Now, researchers are beginning to turn more seriously toward those research questions. On Monday, linguist Gretchen Mcculloch presented a theory of emoji as beat gestures—the equivalent of gesticulating to add emphasis—rather than a language in themselves. “Letters let us write words, emoji let us write gestures,” she says. Eric Goldman, a legal scholar at Santa Clara University’s School of Law, discussed a forthcoming paper on emoji and the law, which highlights the potential for emoji to create misunderstanding in legal contexts—including high profile cases, like the Silk Road case.

Running low on memory?

Speaking of the perils of social media, here’s something else we might be able to blame it for.

How social media is hurting your memory
Each day, hundreds of millions of people document and share their experiences on social media, from packed parties to the most intimate family moments. Social platforms let us stay in touch with friends and forge new relationships like never before, but those increases in communication and social connection may come at a cost. In a new paper published in the Journal of Experimental Social Psychology, researchers showed that those who documented and shared their experiences on social media formed less precise memories of those events.

I’m very suspicious of that, though. This xkcd post puts the reasons why better than I can.

The piece concludes by almost contradicting itself.

The researchers concluded that the likely culprit of the memory deficit was not purely social media, because even taking photos or writing experiential notes without publishing them showed the same effects. Just interrupting the experience didn’t seem to hurt, because those who were instructed to reflect on a TED talk internally without writing retained as much information as those who watched it normally. Instead, it was the act of externalizing their experience — that is, reproducing it in any form — that seemed to make them lose something of the original experience.

I suppose leading with that conclusion might have made for a less attention-grabbing headline?

But perhaps our devices more generally might be good for our memory.

Old memories, accidentally trapped in amber by our digital devices
Designer and typographer Marcin Wichary started a thread on Twitter yesterday about “UIs that accidentally amass memories” with the initial example of the “Preferred Networks” listing of all the wifi networks his computer had ever joined, “unexpected reminders of business trips, vacations, accidental detours, once frequented and now closed cafés”.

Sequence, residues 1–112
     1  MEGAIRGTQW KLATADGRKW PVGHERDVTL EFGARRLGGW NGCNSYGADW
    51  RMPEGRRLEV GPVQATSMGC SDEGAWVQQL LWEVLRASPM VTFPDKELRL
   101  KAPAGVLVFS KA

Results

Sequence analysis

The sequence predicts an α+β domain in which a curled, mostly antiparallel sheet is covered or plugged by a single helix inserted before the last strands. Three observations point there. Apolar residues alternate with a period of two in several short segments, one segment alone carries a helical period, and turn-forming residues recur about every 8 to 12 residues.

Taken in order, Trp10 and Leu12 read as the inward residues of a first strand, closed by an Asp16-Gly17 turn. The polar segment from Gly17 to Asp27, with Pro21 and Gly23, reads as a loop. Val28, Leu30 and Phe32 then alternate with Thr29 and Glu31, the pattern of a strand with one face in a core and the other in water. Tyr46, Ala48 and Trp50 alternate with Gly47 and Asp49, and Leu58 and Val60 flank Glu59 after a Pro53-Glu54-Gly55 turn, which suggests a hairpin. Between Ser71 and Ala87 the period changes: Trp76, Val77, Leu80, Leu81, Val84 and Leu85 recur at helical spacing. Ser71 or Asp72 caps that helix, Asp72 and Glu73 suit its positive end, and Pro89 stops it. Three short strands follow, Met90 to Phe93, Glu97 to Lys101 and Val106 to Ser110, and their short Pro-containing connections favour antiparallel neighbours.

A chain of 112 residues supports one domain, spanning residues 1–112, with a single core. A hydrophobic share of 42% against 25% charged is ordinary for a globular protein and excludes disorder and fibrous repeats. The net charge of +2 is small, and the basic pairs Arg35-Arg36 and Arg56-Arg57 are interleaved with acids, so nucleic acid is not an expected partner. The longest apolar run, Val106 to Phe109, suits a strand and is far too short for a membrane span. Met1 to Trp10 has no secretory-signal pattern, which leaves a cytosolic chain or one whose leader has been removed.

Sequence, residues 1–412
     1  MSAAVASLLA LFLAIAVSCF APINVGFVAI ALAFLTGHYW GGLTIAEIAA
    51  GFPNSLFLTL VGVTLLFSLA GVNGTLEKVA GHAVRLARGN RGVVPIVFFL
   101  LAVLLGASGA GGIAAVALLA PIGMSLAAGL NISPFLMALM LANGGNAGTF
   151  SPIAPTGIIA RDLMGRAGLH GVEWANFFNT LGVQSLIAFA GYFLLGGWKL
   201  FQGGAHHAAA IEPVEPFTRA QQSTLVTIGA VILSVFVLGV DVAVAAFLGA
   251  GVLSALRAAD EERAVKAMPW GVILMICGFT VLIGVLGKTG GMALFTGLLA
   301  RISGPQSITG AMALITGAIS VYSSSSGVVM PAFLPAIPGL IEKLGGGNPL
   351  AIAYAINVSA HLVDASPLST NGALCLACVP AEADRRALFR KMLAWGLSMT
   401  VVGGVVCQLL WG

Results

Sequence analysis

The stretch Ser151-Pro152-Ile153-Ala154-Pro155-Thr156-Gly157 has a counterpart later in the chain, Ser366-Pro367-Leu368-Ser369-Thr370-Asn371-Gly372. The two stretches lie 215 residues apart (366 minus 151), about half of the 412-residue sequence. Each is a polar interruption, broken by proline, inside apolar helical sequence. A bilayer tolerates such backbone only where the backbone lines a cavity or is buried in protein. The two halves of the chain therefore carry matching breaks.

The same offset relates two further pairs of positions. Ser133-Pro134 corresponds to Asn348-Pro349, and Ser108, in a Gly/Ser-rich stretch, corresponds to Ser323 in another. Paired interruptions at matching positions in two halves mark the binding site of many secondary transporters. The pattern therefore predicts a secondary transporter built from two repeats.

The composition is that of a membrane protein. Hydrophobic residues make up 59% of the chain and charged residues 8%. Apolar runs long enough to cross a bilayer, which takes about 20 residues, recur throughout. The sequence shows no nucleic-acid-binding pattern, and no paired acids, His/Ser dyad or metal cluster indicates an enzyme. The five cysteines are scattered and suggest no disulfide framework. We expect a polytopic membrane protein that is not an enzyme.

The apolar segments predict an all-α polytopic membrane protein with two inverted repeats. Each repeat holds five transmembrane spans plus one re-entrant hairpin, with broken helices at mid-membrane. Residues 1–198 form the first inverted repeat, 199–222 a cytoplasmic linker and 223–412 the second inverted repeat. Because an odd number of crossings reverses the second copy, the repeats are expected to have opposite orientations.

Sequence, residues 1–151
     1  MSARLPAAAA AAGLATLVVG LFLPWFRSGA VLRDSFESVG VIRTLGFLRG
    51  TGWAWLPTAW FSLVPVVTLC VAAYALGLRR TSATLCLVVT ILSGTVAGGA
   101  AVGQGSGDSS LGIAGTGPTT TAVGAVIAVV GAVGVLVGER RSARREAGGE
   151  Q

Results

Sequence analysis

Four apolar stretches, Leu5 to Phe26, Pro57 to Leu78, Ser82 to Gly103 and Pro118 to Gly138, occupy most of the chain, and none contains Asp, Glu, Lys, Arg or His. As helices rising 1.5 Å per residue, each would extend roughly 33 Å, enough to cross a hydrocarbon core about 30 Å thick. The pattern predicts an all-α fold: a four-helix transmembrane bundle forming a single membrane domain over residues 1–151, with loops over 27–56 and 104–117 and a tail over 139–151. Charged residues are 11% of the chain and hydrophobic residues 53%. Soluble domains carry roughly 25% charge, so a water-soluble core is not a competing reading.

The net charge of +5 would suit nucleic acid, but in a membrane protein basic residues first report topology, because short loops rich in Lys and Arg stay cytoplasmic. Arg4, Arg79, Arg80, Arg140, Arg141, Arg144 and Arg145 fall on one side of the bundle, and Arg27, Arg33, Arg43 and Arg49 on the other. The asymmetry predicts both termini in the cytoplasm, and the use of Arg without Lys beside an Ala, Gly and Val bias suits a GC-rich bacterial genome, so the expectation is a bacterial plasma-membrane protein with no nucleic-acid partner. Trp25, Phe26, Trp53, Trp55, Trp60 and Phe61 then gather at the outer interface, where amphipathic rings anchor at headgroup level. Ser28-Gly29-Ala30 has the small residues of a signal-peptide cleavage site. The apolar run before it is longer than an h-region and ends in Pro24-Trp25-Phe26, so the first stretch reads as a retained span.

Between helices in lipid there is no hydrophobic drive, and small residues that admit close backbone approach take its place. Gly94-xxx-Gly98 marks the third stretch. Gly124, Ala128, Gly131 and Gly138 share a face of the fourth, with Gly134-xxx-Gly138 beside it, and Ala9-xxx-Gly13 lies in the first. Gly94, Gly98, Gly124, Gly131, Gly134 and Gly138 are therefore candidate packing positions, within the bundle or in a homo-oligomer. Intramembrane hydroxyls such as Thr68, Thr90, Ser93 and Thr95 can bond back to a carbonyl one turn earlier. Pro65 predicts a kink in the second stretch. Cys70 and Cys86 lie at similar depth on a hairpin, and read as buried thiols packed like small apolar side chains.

Several other people chimed in with their own examples…the Bluetooth pairings list, the Reminders app, the list of alarms, saved places in mapping apps, AIM/iChat status message log, chat apps not used for years, the Gmail drafts folder, etc.

Reading about those examples makes me (almost) regret being such a tidy person who regularly deletes, wipes and reinstalls everything…

Looking forward in anger

Zoe Williams at the Guardian tries to understand where all the anger is coming from these days. Does anger always have an economic basis? Is social media to blame? Can it be a force for good? There’s certainly a lot of it about.

Why are we living in an age of anger – is it because of the 50-year rage cycle?
There was the mean note left on the car of a disabled woman (“I witnessed you and your young able-bodied daughter … walk towards the precinct with no sign of disability”); the crazed dyspepsia of the woman whose driveway was blocked briefly by paramedics while they tried to save someone’s life. Last week, Highways England felt moved to launch a campaign against road rage, spurred by 3,446 recorded instances in a year of motorists driving straight through roadworks. Violent crime has not gone up – well, it has, but this is thought mainly to reflect better reporting practices – but violent fantasies are ablaze. Political discourse is drenched in rage. The things people want to do to Diane Abbott and Luciana Berger make my eyes pop out of my head.

I’m not really convinced by the theories that suggest these things are cyclical. The dates of these suggested 40 to 60 year ‘Kondratiev waves’ of high and low economic growth, that tie in to periods of stagnation, unrest and anger, feel a little forced. I’m going to continue to blame Trump. And social media.

Social media has given us a way to transmute that anger from the workplace – which often we do not have the power to change – to every other area of life. You can go on Mumsnet to get angry with other people’s lazy husbands and interfering mother-in-laws; Twitter to find comradeship in fury about politics and punctuation; Facebook for rage-offs about people who shouted at a baby on a train or left their dog in a hot car. These social forums “enable hysterical contagion”, says Balick, but that does not mean it is always unproductive. The example he uses of a groundswell of infectious anger that became a movement is the Arab spring, but you could point to petitions websites such as 38 Degrees and Avaaz or crowdfunded justice projects. Most broad, collaborative calls for change begin with a story that enrages people.